“The mind is a powerful thing and I didn’t let the menopause in, really. I always want to be working and on the go, so I had to work through it and keep going. I have always been able to keep challenging things at bay in my life, which may be a good or bad thing, but I try to stay positive and keep going.
“I think this awareness month is the best thing ever, because I’m 70 now and it was never discussed in the past. I wish there had been more open conversations about it in my time, as while I feel I was lucky with my experience, I have friends who had a very difficult time.”
“I was 47 when perimenopause started, and I started to think that there was more to life than just sitting on a till. That’s when The X Factor came along. I had the mood swings and the tears, but I didn’t have time to think about it. I just got on with it.
“The only thing menopause took from me was my period and I have no regrets about losing that. I’ve heard women talking about their libido being on the ground, but my sex drive didn’t go during menopause and I still felt sexual. I had mood swings but only my daughter had to put up with those as I didn’t have a partner.
“I wasn’t with anyone as I had put up a wall before the menopause due to being hurt in past relationships. Instead of my drive going down, the peak came up during the menopause and it was unbelievable. I wouldn’t have minded having someone around. And now my libido is even stronger than it was before the menopause.
“I suffer from depression and even when I go down, I come up much stronger than before because I know my mind and body for the first time in my life.
“I found the menopause empowering, because while my body was changing, so was my mindset. I think it helped me to realise the person I really am, because I didn’t know in my 30s and 40s.”
"I have not been told I’m in menopause officially, but I was told I was perimenopausal a year ago. Or, as my gynaecologist politely put it, ‘You are on the horizon.’
“That sounds like something beautiful, I thought. There is nothing beautiful about the menopause. Actually, saying it’s natural also makes it sound lovely — it is not.
“The only obvious effect on me so far is my feet as they are on fire. My solution is walking on kitchen tiles barefoot or putting them up on a cold window. I still get periods but they don’t last as long, so that’s good. But I could have a different list in a year.
“My advice to others is that if you are suffering in any way, say it. If a colleague or boss can’t handle you saying, ‘I am menopausal,’ that’s their problem. Talk to a GP and if he/she says it’s natural or you can’t do anything about it, go to another GP. One thing I know is that we have suffered periods, PMT, incontinence, haemorrhoids and our lack of sexual drive silently and enough is enough!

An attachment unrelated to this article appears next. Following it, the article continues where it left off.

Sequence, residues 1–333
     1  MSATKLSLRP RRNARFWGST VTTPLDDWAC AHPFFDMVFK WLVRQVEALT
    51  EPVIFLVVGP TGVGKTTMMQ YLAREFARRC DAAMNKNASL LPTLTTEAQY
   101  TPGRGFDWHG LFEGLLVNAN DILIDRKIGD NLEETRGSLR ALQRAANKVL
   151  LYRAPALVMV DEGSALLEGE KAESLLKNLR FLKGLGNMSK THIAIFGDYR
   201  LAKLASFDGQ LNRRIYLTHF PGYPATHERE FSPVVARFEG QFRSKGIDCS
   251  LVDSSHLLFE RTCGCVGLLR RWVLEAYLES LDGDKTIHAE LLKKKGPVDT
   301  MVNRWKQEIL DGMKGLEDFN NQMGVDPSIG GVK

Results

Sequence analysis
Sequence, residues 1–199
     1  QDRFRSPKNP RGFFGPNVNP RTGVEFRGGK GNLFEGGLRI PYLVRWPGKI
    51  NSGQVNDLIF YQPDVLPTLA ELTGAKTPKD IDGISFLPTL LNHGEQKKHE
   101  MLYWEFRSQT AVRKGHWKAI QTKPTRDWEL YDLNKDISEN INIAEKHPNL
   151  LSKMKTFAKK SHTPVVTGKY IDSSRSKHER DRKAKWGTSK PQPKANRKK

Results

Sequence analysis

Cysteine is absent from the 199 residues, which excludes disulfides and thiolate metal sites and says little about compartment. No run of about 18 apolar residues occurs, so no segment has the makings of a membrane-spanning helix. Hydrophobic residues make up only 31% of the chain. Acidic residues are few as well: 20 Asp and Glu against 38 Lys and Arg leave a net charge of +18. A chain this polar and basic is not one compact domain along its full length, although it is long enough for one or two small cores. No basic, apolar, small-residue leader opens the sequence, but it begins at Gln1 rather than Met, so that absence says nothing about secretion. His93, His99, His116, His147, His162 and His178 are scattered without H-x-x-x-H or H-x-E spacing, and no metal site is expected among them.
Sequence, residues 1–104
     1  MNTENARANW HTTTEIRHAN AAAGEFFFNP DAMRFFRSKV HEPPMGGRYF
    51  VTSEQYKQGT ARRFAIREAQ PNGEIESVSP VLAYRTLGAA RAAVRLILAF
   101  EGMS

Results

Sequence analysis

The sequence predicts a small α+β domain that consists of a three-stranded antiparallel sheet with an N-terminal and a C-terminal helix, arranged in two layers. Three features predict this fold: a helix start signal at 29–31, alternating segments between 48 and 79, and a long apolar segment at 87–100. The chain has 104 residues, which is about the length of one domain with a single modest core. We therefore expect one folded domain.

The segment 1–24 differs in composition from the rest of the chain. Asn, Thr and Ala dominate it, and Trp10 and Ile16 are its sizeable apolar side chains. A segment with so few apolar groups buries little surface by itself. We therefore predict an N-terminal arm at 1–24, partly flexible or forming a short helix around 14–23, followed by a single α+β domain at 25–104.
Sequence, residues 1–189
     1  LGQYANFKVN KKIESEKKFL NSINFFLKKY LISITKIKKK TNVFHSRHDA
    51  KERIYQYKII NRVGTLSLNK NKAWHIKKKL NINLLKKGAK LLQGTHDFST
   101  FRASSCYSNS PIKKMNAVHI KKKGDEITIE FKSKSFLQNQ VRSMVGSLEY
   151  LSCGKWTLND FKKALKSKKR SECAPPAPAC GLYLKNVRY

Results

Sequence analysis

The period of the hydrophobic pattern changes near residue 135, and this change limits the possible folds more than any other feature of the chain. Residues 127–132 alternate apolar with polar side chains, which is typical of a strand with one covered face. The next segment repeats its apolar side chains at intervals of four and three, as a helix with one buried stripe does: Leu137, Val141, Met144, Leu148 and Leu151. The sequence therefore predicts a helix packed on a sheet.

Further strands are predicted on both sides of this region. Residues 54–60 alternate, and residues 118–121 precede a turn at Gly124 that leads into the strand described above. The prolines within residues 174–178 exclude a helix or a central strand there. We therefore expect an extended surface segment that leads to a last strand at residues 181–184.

“I have a very public job, but I live in Ireland and am not too private, obviously. I have been in the public arena for 30 years, so being sick with pregnancy, dealing with bereavement, having personal problems — all of these experiences were sidelined for the job when necessary.
“If I am upset, my colleagues are always there, and honestly, probably the camera crew more than anyone. The camera never lies, and they will always know when you are not OK.
“I remember my wonderful aunts Cáit, Mary, Nora, Bríd, Maggie and Jude were constantly referring to hot flushes and had battery-run, hand-sized fans. I found them hilarious, and they seemed to either drink a few more red lemonades, brandy and Jameson and always had a packet of sucky sweets in their handbags. But, remember, that generation wouldn’t share that they were sad, depressed or on any medication.
“I was and am not prepared for the menopause, and if I say it publicly, people are a little embarrassed for me. Why? Does saying, ‘I am probably menopausal’ make me sound old and therefore there’s a presumption that I am no longer attractive, or do I seem of less relevance? The world is unquestionably ageist but we have to fight it if we want it to improve.
“It’s incredible how when Liveline discussed menopause, it became an open discussion and educated so many people. Women have been trying to talk about menopause for years and it gained no traction, but maybe that’s the patriarchy.
“The positive aspects of this stage of my life are peace of mind and knowing the truth about my life. I would not swap anything with a 30-year-old, as my children are finished school and that was a hurdle. I have a strong companion in my life, and it’s now I am reaping from my investments in people. I got this far and my family is intact, so whatever life throws at me, I have a strong base to handle it.”